But let's see if there's an easier way to reach a meaningful answer. The requirement is that the game has to last 40 moves. How many "decent" moves does each player have on average for each turn? There may be a lot of POSSIBLE moves on each turn, but many of these lead to immediate loss of material or bad positions, are illegal under the rules of chess, and so on. Let's just guess and say that on average, each player has a choice of five "decent" moves. That drops the number of possible sequences to about 8.27x10^55 (if we assume six possible decent moves, the number becomes 1.8x10^62). Or, to put it another way, we have to assume that each player has an AVERAGE of 10 decent moves on each turn, in order to pass that 4x10^79 figure.

Conclusion? Nah - there are NOT more possible 40+ move games of chess, than there are atoms in the universe.

sstteevveenn

cheater_1:  How much bigger do you think 10^120 is compared to 10^11?  Well if it was 10^121, it would be 11 times the power.

That's:

10^11 x 10^11 x 10^11 x 10^11 x 10^11 x 10^11 x 10^11 x 10^11 x 10^11 x 10^11 x 10^11

Lets say 10^11m is atoms in a drop, then imagine the drop as another atom and so on.  You have to zoom out 11 times to reach 121.  The universe just isnt that big.  Where do you go to make your next jump.  A quick google throws up 10^50 atoms in the world.  that means in order for there to be 10^120 atoms in the universe, there would have to be 10^70 worlds!  I really think you need to rethink just how big 120 zeroes after a number is!  Each three zeroes is not just another thousand.  It's another thousand times everything you have done already!

sstteevveenn

hmm, I can assure you, it is more than possible to play a bad move in a game of chess...

mowque

why are we still debating? just count them. The Opening post never said "good postions"

pvmike

There are 168024 possible legal positions with just a King and pawn vs. king endgame

MasterGnu

I suppose the guy didn't take the universe to be endless, did he?

mowque

the universe isn't endless....which makes this problem much easier,lol

ADK

Since we have no idea how BIG the Universe is, we can't say that it is a FACT.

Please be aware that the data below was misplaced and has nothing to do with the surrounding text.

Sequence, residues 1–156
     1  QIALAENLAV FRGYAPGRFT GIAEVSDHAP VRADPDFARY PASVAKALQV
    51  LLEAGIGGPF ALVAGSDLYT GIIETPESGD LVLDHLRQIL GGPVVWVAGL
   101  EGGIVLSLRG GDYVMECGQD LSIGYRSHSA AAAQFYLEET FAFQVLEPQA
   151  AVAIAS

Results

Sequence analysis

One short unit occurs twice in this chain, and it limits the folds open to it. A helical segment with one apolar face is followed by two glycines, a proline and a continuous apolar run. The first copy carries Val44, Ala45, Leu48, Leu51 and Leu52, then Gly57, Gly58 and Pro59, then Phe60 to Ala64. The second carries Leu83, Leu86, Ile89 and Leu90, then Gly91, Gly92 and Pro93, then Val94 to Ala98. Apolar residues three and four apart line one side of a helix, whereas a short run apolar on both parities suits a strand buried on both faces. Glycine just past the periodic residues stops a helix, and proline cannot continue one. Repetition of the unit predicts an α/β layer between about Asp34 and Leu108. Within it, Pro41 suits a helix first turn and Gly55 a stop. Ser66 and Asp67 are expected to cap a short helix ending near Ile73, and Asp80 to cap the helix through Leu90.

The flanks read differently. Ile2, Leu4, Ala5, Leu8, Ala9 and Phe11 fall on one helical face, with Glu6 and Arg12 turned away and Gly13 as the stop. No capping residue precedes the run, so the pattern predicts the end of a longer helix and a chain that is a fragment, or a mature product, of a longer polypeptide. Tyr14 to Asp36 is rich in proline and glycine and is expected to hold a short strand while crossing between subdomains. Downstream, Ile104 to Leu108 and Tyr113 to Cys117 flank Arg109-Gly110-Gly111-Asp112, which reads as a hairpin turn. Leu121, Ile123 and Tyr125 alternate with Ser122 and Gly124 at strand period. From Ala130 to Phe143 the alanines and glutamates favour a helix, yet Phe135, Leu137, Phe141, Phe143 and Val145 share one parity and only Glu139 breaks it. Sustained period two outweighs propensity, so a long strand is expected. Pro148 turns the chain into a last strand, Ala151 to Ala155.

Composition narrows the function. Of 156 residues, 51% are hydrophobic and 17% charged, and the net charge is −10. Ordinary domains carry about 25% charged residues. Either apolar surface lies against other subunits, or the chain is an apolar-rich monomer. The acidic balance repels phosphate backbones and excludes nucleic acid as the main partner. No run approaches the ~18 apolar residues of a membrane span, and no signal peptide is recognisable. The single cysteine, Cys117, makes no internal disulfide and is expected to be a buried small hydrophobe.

ADK

CircleSquaredd

That is why I believe chess is a sport, because if there were only so many moves available then I would only consider it a game. The choices become expotential as more moves are played. I read somewhere also that the starting position of a chess game is pregnant with more possibilities than the universe. But that doesnt mean that much, its an abstract notion.

sstteevveenn

lol, you missed MY point.  you will not ever get close to 120, even with ridiculous overestimates, like assuming there are 1,000,000,000 ocean's worth of atoms on earth, and 1,000,000 planet's worth of atoms in the solar system, and so on, you will still not get anywhere near ^120 atoms in the universe.  In fact, you could have more than 10^11 universes and still not get close.  Clear enough yet?  In fact, if we weren't being extremely generous in estimates, and were taking more reasonable numbers, if we had an entire universe for every atom of the earth, you would have ~ 10^129 atoms, so the number of chess games is only a billionth of that.

mowque

Why are we bring water into this?

The  best possible estimate number of atoms in the Observable universe- 3 x 10 to the 79

The number of possible chess psotions after 80 moves- 10 to the 120 power.

No math required. The second number is bigger! No way around it!

Get My Point?

sstteevveenn

Not only bigger, but given those estimates 10^41 times bigger.  ~10^41 universes of atoms.  That's 1 followed by 41 zeroes!  Tongue out

TheGrobe
cheater_1 wrote:

Just as you CANNOT put 20 ounces of water in a 16 ounce glass, You cannot have have something larger than the universe contained in the universe. It's a physical impossibility.


I would agree if the number of possible positions after 40 moves was a physical thing like atoms of hydrogen and oxygen, but it is not -- it is an abstract concept.

Similarly, the number of possible arrangements of any number of the atoms in the universe up to and including all of them is an abstract concept that vastly outnumbers the total number of atoms in the universe -- by your reasoning, is this an invalid concept?